arbitrary number) sounds interesting while the kitchen walls remain
intact. Perhaps the establishment's machines are of a different
design, built and optimized within some contingency for ground
concentrations apart from a general expectation given at 30lbs.



 
Date: 26 Nov 2006 03:32:12
From: Barry Jarrett
Subject: Re: Really firm packing/tamping?


:)


--barry " >>grunt<<"



  
Date: 25 Nov 2006 21:38:38
From: Cordovero
Subject: Re: Really firm packing/tamping?
I take it that my time in seminary has caused me to miss all the new
theories on tamping, hence the chuckle?

C

"Barry Jarrett" <barry@rileys-coffee.com > wrote in message
news:cl2im21bljmhrgtrodj1cbjj6d2kd763pm@4ax.com...
>
>
> :)
>
>
> --barry ">>grunt<<"
>




   
Date: 26 Nov 2006 06:02:54
From: Barry Jarrett
Subject: Re: Really firm packing/tamping?
On Sat, 25 Nov 2006 21:38:38 -0800, "Cordovero"
<cordoveroremovexxx@yahooxxx.com > wrote:

>I take it that my time in seminary has caused me to miss all the new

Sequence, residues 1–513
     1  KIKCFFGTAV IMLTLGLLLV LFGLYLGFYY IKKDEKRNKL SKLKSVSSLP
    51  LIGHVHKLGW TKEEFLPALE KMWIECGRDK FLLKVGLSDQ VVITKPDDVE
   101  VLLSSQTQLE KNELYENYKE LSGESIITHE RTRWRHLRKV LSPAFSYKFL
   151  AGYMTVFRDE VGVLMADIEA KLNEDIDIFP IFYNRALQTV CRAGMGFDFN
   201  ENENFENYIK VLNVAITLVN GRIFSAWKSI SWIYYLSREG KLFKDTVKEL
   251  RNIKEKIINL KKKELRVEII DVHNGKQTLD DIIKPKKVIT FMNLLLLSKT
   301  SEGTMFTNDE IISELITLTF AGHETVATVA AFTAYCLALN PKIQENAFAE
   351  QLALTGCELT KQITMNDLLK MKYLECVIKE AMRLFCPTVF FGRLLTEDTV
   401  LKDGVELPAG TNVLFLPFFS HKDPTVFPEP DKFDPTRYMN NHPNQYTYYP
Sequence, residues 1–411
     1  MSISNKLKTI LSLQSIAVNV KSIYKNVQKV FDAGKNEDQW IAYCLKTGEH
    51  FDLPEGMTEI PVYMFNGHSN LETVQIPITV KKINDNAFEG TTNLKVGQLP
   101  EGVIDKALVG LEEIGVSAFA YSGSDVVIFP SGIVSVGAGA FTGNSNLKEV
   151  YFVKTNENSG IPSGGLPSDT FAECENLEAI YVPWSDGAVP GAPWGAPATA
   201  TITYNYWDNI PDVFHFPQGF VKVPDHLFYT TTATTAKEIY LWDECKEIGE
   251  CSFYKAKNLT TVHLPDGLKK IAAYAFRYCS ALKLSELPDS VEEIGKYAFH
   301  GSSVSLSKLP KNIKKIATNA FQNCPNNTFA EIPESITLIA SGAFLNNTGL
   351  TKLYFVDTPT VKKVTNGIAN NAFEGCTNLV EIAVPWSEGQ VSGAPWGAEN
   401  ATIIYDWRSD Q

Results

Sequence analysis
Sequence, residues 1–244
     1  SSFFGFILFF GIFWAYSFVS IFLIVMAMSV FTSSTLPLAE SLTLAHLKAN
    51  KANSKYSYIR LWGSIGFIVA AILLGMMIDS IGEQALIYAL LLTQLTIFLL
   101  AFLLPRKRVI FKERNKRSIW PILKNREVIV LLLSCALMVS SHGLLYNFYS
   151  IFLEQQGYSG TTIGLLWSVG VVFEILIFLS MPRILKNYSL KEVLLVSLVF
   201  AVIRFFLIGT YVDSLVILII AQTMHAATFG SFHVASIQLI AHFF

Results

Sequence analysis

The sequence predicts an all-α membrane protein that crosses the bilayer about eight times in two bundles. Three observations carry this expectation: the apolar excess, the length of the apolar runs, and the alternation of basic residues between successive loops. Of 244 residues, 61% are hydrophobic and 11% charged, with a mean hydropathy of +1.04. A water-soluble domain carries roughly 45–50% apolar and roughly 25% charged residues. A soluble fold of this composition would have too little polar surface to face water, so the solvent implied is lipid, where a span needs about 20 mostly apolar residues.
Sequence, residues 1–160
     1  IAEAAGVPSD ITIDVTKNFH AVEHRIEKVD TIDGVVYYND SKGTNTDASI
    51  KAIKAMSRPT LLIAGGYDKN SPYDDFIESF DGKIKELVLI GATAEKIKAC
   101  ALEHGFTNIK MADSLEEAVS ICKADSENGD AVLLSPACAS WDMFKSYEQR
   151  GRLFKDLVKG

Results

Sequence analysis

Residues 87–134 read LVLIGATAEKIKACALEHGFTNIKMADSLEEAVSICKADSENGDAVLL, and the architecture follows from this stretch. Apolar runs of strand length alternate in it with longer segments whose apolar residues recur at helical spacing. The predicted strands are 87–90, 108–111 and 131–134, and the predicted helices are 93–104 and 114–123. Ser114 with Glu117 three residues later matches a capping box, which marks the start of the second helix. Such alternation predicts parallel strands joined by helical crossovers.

>theories on tamping, hence the chuckle?


groups.google.com

enter either "handstand tamp" or "grunt tamp" for a more-or-less
thorough history.


--barry "yeah, i can tamp 100lbs"


   
Date: 26 Nov 2006 05:45:59
From: Robert Harmon
Subject: Re: Really firm packing/tamping?
"Cordovero" <cordoveroremovexxx@yahooxxx.com > wrote in news:ekb99f$jjr$1
@news.Stanford.EDU:

> I take it that my time in seminary has caused me to miss all the new
> theories on tamping, hence the chuckle?
>
> C
>
> "Barry Jarrett" <barry@rileys-coffee.com> wrote in message
> news:cl2im21bljmhrgtrodj1cbjj6d2kd763pm@4ax.com...
>>
>>
>> :)
>>
>>
>> --barry ">>grunt<<"
>>
>
>
>

And here I thought Barry was tamping with such force that he farted.

Robert (duck & cover) Harmon
--
http://tinyurl.com/pou2y
http://tinyurl.com/fkd6r